A group of activists are fighting for your right to party—a right that you might not have realized was under attack. More specifically, they're fighting for your right to dance with three or more people, something that is currently illegal in the vast majority of NYC bars and restaurants, thanks to a Prohibition-era law that requires venues to have a cabaret license for dancing.

On Thursday night, hundreds of would-be dancers packed into Bushwick DIY venue Market Hotel to raise awareness about the ongoing effort to repeal the archaic law. Organized by the Dance Liberation Network, which has also circulated a petition denouncing the law, the event featured artists, business owners, and city council members, who took turns discussing the various ways in which they say the law hurts New Yorkers. Among them: its negative impact on businesses, its role in pushing the nightlife scene toward more dangerous underground spaces, and its racist legacy and disproportionate impact on vulnerable communities.

"We're at a point now where we have to step in as a city and figure out how we can repeal the law, because these businesses are just trying to let New Yorkers have a good time after work," said Council Member Rafael Espinal, who last year introduced a request to draft a bill that would remove the law from the books. "The request was stalled for almost a year," he told Gothamist, "but last night's event helped me restart a conversation with the bill drafters."

According to small business owners, the cabaret license required under the current law is "virtually unobtainable," and held by only 127 of the city's more than 25,000 food and beverage establishments. Yet unlike some of our city's other obsolete laws—the ban on hosting puppet shows in windows, for instance—this one plays a huge role in the lives of many New Yorkers.

"It is actively yet very arbitrarily enforced," said John Barclay, the owner of Bossa Nova Civic Club and an organizer with the Dance Liberation Network. "They can use the law as a failsafe to shut down any establishment they take issue with. The issue could be that the bar is a loud nuisance, suspected in other criminal activity, or a gay or ethnic bar in a conservative neighborhood. It could be that the officer on duty simply does not like how the clientele looks."

Neither the State Liquor Authority nor the NYPD responded to requests for comment, though a rep for the SLA told the Brooklyn Paper earlier this week that "it is a violation we see quite frequently."

Andrew Muchmore, owner of Muchmore's in Williamsburg, said that he received a citation in 2013 after cops saw people dancing to live music in his bar. "It was a rock show, people were swaying a little bit, but who knows what the line is between swaying and dancing," Muchmore said. He's since filed a federal lawsuit against the city—currently pending—which alleges that there is a racially charged element to the law's enforcement.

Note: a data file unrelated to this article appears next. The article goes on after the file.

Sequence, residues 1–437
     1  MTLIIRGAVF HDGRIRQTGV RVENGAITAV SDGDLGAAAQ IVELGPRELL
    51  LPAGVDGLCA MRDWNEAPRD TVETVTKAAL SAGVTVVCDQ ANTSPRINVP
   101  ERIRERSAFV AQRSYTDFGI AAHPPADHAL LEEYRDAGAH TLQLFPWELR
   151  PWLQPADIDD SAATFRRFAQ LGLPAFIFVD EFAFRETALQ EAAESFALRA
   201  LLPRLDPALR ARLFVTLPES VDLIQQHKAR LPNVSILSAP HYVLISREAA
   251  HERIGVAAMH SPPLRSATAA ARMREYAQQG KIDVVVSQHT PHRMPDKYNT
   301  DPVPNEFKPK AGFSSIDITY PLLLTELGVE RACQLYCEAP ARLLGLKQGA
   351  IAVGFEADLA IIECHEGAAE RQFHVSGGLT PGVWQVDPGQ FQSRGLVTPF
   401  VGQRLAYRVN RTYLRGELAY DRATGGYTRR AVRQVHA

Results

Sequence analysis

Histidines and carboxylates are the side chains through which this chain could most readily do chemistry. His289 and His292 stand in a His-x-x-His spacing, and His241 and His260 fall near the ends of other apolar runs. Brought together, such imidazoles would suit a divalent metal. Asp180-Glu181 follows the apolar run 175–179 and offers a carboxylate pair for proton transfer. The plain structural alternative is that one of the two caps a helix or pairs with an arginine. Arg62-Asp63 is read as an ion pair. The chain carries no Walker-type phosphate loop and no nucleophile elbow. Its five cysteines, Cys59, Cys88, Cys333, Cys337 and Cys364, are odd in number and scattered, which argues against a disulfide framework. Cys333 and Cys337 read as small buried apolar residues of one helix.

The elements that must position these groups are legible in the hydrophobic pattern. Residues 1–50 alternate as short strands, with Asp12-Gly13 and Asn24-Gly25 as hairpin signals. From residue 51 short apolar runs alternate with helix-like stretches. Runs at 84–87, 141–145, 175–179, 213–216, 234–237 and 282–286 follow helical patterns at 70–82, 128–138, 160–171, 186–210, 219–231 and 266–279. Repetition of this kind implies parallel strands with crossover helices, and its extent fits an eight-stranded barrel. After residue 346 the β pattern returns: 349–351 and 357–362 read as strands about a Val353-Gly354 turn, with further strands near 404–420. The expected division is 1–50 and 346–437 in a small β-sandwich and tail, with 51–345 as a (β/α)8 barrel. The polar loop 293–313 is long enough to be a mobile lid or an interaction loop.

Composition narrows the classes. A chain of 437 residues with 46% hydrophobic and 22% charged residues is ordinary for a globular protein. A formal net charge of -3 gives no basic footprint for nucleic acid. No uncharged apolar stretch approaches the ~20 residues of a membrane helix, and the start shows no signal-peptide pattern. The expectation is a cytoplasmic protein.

"Even if the current intent isn't racist, it still has a racially disparate effect," Muchmore added. "If you're trying to open a hip hop club you're going to have a lot harder time getting a cabaret license than if you're trying to open a rock club."

This discriminatory nature of the law dates is deeply rooted. Originally passed in 1926, the law was intended to address "concerns that speakeasy culture had increased the likelihood of interracial sexual relations within the unregulated and uninhibited spaces of Harlem nightlife," according to historian Michael A. Lerner, author of Dry Manhattan: Prohibition in New York City. The original legislation also banned specific instruments in unlicensed venues; string instruments and pianos were just fine, but wind, brass, and percussion instruments—the staples of jazz music—were restricted.

The controversial law has faced sporadic resistance throughout its 92 year existence, particularly in recent decades. In 2000, after Giuliani cracked down on nightclubs as part of his "quality of life" campaign, protesters took to Manhattan Park for the "Million Mambo March" to demonstrate against the Cabaret Law. Three years later, under a new mayor, the New York Times noted that Bloomberg's support for ending the "dance police" signaled that the "age-old battle between the New York of nightclubbing revelers and the New York of sleep-deprived neighbors [had] entered a new phase." Yet despite the public and political opposition, the law remained on the books.

One reason, according to Councilmember Espinal, is its use by the police to selectively target businesses that, for one reason or another, the city would like to see shut down. "The reality is that the city uses the cabaret law as an enforcement tool," said Espinal. "They're able to go after bad actors and bad businesses."

In Espinal's Brooklyn district, which includes much of Bushwick, those "bad actors" are often DIY venues, which may or may not be following the city's other, more reasonable laws. Market Hotel presents a useful example: the show space once operated illegally, then was shuttered for six years while volunteers brought it up to code, only to be targeted by the NYPD in what owner Todd P called a "gotcha raid." That dynamic—between beloved community spaces looking to follow the rules, and an outdated rule that is selectively enforced—could present an interesting challenge to the historically sticky cabaret law, especially in light of recent events.

"We believe that because of the city's current sociopolitical climate and the tragedy that occurred in Oakland, New Yorkers have been forced to examine this issue," Barclay said. "There is also more interest regarding dance culture in NYC right now than there has been in at least 15 years. We plan to mobilize these communities and we will not be letting up until this thing is finally repealed."